What's an ICO? 'Big 4' Consulting Firms Are Getting the Question

Pete Rizzo
Jul 20, 2017 at 15:00 UTC
NEWS

Clients of the world's four largest professional services firms are expanding their interest in the blockchain sector in line with its recent explosion of experimentation.

According to representatives from Deloitte, EY, KPMG and PwC, both existing and prospective clients are beginning to ask questions about initial coin offerings (ICOs), the process by which public blockchain technologies can be leveraged to create custom cryptocurrencies that are subsequently sold to fund projects.

With the novel funding method grabbing headlines (and garnering criticism), Eamonn Maguire, who leads KPMG's Digital Ledger Services division, said he has even received requests to work with entrepreneurs seeking to become the next Tezos or EOS, both projects that have raised hundreds of millions by selling cryptographic tokens.

He told CoinDesk:

"We've seen a definite uptick in the inquiries we are receiving. In the past month alone, we've probably gotten 10 inquires – for example from institutions in France, Switzerland, Russia and Austria."

And Maguire understands why, adding that he believes the model can bring new investors into the market.

Representatives for Deloitte further indicated that they were receiving increasing interest on the topic, as did EY, which reported starting new conversations with "wealth and asset managers" on how they can begin managing cryptocurrencies and ICO tokens.

However, others are pointing to the lack of pertinent regulation as a roadblock that is preventing newcomers from capitalizing on ICOs.

"While the potential of ICOs in terms of transforming venture capital is indeed exciting for many of our clients around the world, the lack of regulatory clarity, particularly in the US, remains a concern," Ajit Tripathi, a director of fintech and digital banking at ‎PwC, said in an email.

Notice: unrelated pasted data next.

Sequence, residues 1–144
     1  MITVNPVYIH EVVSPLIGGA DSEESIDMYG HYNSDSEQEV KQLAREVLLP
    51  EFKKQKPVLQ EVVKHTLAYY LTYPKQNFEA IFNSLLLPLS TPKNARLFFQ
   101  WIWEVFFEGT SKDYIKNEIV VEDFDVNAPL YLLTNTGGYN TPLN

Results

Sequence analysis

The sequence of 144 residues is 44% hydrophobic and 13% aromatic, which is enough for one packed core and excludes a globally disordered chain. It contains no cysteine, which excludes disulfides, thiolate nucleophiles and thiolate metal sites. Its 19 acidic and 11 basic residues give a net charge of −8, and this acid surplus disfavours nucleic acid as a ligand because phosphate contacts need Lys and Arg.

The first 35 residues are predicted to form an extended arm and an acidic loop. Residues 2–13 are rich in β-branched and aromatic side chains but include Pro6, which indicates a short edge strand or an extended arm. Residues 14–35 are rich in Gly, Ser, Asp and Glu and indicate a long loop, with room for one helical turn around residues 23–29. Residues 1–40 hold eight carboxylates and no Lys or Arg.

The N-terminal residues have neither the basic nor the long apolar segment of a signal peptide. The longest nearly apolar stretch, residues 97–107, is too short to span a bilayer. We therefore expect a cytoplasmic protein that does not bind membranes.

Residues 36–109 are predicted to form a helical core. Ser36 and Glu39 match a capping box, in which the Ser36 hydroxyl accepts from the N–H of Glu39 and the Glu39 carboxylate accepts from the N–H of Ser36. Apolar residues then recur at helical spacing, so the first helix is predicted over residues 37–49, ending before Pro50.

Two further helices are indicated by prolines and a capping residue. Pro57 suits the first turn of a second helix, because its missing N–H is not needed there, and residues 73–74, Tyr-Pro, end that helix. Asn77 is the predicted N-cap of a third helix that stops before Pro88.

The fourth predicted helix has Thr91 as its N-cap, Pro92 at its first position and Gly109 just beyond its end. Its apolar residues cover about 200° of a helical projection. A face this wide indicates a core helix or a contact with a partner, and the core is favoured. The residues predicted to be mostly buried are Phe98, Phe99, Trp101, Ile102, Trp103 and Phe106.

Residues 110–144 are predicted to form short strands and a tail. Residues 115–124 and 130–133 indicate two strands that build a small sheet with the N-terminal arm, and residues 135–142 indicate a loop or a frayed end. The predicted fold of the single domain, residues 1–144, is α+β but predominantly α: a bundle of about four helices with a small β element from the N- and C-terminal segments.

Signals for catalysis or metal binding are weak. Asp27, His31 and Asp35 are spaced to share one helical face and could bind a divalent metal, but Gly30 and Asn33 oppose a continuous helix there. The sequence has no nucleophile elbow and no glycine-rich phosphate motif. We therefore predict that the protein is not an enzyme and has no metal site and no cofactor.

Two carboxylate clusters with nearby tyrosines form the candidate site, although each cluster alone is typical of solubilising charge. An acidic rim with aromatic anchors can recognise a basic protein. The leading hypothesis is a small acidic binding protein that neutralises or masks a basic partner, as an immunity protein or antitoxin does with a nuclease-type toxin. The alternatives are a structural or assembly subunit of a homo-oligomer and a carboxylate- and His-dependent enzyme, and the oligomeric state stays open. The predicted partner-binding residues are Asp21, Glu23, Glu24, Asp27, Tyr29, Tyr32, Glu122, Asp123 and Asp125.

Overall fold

Maguire continued this idea, going so far as to state that ICO projects are "still relatively rare" owing to an uncertain regulatory environment.

While regulators in some countries, like Australia, have been more vocal about their plans of action, recent reports have criticized lawmakers in the U.S. and U.K.

"The question becomes what should a responsible ICO address to protect the interests of investors and to build confidence in their solution and controls in the absence of explicit requirements," Maguire said, adding:

"This is at the heart of many of the discussions we are having to date."

Colored dots image via Shutterstock

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Disclaimer: This article should not be taken as, and is not intended to provide, investment advice. Please conduct your own thorough research before investing in any cryptocurrency.

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